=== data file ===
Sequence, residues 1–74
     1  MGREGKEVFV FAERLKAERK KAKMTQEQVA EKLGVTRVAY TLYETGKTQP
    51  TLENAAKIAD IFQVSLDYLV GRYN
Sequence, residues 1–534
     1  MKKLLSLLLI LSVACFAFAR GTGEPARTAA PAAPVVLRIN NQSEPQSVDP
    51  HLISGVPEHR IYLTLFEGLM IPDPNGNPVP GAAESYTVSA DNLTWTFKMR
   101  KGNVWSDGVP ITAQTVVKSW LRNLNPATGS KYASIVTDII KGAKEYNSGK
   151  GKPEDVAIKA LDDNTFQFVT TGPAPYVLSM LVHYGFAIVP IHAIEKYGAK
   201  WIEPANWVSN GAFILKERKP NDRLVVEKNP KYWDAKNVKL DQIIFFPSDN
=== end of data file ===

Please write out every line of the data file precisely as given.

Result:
Sequence, residues 1–74
     1  MGREGKEVFV FAERLKAERK KAKMTQEQVA EKLGVTRVAY TLYETGKTQP
    51  TLENAAKIAD IFQVSLDYLV GRYN
Sequence, residues 1–534
     1  MKKLLSLLLI LSVACFAFAR GTGEPARTAA PAAPVVLRIN NQSEPQSVDP
    51  HLISGVPEHR IYLTLFEGLM IPDPNGNPVP GAAESYTVSA DNLTWTFKMR
   101  KGNVWSDGVP ITAQTVVKSW LRNLNPATGS KYASIVTDII KGAKEYNSGK
   151  GKPEDVAIKA LDDNTFQFVT TGPAPYVLSM LVHYGFAIVP IHAIEKYGAK
   201  WIEPANWVSN GAFILKERKP NDRLVVEKNP KYWDAKNVKL DQIIFFPSDN